Police Building

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240 Centre Street, New York City, NY

Police Building

The majestic Police Building
Building Information
Architect Hoppin & Koen
Number of Units 55
Number of Floors 6
Year Built 1909
Construction Method Masonry
Type of Roof Metal
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240 Centre Street, New York City, NY, United States
Distance to Public Transit Less than one block
Region New York City
Municipality New York City
Zoning C6-2G
Title of Land Cooperative



The north end of the Police Building which has a small park, unusual for government buildings at the time
The Police Building was inspired by the notion of the "White City" that had been highlighted at the World's Colombian Exposition in Chicago in 1893. Also known as The Chicago World's Fair, this exposition displayed Beaux Arts design principles based on symmetry, balance, and splendor.

This need for this building came about after the five city-boroughs of New York were consolidated into Greater New York in 1898. The police department grew rapidly around the turn of the century and a new police headquarters building was planned. The corner stone was laid in 1905 by then Mayor George McClellan and the building was completed in 1909. The architects, Hoppin & Koen, created was was described as a domed palace referring to the copper clad cupola, prominent pediments, and pillared façades. The building was extravagant and grand in an area of the city filled with tenement housing in Little Italy.

The newly consolidated five boroughs were proud of their new Police Headquarters building

Author Diana S. Waite said of the building in her book, Architects of Albany, that, "Hoppin's Beaux Arts training is evident in ornate town houses for such clients as James Lanier but is apparent more dramatically in the New York City Police Headquarters at 240 Centre Street. This monumental, domed structure, constrained on a triangular lot, was designed ‘to impress both the officer and prisoner with the majesty of the law.’”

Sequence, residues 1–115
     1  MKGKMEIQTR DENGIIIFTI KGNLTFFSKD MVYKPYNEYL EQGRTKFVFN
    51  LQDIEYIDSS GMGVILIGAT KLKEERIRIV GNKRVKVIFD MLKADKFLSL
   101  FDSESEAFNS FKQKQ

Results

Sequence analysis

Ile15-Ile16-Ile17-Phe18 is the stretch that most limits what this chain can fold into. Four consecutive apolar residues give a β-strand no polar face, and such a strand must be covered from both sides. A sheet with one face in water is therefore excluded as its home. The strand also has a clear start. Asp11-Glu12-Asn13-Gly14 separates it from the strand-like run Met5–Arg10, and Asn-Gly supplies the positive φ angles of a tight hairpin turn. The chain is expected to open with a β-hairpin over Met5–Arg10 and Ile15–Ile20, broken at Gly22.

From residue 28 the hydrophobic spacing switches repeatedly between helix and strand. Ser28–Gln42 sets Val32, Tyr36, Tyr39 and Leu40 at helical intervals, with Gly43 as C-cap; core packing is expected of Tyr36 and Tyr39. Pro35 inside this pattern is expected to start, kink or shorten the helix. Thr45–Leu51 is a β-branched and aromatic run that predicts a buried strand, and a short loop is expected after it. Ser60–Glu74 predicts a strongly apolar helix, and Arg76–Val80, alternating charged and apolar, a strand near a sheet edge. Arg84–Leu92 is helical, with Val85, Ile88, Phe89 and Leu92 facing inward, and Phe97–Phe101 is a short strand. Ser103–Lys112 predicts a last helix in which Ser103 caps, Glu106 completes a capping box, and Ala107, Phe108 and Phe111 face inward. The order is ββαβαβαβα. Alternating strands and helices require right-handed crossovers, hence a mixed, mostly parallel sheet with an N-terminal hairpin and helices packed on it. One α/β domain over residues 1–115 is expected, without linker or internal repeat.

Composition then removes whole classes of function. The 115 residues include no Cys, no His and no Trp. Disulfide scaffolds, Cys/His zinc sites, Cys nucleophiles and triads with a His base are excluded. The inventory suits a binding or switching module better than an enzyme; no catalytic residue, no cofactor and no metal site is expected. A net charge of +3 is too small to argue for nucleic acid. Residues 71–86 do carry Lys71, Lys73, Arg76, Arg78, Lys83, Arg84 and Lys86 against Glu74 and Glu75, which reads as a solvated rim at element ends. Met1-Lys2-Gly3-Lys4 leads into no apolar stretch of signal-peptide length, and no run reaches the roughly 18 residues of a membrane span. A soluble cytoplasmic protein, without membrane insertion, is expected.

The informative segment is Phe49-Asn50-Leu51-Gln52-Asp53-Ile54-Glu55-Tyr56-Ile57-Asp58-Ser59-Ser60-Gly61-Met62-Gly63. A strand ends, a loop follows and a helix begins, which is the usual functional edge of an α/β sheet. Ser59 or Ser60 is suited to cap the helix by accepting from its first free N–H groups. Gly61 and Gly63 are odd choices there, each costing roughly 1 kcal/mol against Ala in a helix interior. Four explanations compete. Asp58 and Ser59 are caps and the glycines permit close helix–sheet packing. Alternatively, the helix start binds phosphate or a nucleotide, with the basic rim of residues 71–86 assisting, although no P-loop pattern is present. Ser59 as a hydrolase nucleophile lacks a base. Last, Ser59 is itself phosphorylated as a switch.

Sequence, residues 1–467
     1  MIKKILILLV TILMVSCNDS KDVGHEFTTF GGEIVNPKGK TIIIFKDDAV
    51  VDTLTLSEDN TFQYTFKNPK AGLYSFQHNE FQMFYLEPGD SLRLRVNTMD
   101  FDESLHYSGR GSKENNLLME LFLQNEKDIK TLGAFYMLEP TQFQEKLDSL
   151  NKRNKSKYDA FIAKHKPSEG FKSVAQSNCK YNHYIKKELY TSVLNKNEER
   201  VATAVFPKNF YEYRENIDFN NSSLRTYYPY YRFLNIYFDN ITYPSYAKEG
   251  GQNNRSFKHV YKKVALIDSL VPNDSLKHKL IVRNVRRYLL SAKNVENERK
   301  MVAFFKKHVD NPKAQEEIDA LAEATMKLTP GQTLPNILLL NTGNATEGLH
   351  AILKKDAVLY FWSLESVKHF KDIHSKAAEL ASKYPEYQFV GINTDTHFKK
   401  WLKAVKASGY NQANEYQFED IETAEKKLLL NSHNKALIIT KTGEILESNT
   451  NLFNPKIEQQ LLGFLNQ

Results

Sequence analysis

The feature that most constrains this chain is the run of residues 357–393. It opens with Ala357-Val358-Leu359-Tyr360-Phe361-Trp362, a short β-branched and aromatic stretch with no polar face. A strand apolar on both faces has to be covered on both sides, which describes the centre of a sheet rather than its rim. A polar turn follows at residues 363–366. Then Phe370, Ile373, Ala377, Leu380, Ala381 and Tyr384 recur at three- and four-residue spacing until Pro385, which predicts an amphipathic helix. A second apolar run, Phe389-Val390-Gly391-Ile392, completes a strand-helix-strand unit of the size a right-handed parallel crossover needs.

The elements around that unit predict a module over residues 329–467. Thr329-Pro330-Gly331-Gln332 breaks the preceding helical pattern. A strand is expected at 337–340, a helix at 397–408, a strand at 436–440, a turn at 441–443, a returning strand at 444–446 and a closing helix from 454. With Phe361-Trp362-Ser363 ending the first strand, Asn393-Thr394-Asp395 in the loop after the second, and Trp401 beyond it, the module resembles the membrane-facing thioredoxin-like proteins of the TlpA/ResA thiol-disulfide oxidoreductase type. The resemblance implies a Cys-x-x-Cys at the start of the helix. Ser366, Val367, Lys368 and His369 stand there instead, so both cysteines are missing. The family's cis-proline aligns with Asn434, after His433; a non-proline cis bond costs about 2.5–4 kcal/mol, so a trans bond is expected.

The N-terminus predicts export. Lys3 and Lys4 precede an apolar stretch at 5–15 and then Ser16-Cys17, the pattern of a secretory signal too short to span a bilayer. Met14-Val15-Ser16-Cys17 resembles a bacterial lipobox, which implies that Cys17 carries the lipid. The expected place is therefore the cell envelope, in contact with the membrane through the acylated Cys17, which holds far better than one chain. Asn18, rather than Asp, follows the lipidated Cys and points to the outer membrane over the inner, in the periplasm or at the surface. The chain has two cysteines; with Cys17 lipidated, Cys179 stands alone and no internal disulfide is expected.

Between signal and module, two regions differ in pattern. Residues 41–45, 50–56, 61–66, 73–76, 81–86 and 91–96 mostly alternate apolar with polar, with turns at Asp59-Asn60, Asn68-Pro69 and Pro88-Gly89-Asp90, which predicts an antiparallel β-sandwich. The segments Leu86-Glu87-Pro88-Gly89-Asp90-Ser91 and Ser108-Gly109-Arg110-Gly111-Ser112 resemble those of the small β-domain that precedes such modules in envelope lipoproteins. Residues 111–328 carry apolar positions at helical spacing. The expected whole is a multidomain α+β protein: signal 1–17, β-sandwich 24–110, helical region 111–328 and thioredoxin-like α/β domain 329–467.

The Police Building served as New York City's police headquarters form 1909 to 1973 when the police moved into a red brick box of a building with a modernist style. Meanwhile, this magnificent old building fell into neglect. One attempt to convert the structure to a luxury hotel was abandoned when funding was elusive as the area was considered off the beaten jet set path.

It was finally purchased by developers Arthur D. Emil, John J. Ferchill and Edward R. Downe Jr. from the City in 1983 for $4.2 million. They brought in the design team of Ehrenkrantz Group & Eckstut and spent an additional $20 million essentially gutting the structure and re-working it to become 55 cooperative apartments. The grand lobby was preserved in much the same state as it always had been.[1]


The Police Building is situated in the heart of Little Italy. It is bookended east and west by the Bowery and SoHo, and encompassed by Chinatown.

Little Italy around the turn of the 20th century
Little Italy has always been a busy and vibrant area of Manhattan, close to the downtown center.

Access to the rest of the city is easily accomplished with New York's public transit system with two subway stations less than a block away.

Open spaces take the form of squares mostly, although the Sara D Roosevelt Park is only three tenths of a mile away. There are lots of schools nearby from pre-schools to the New York Film Academy.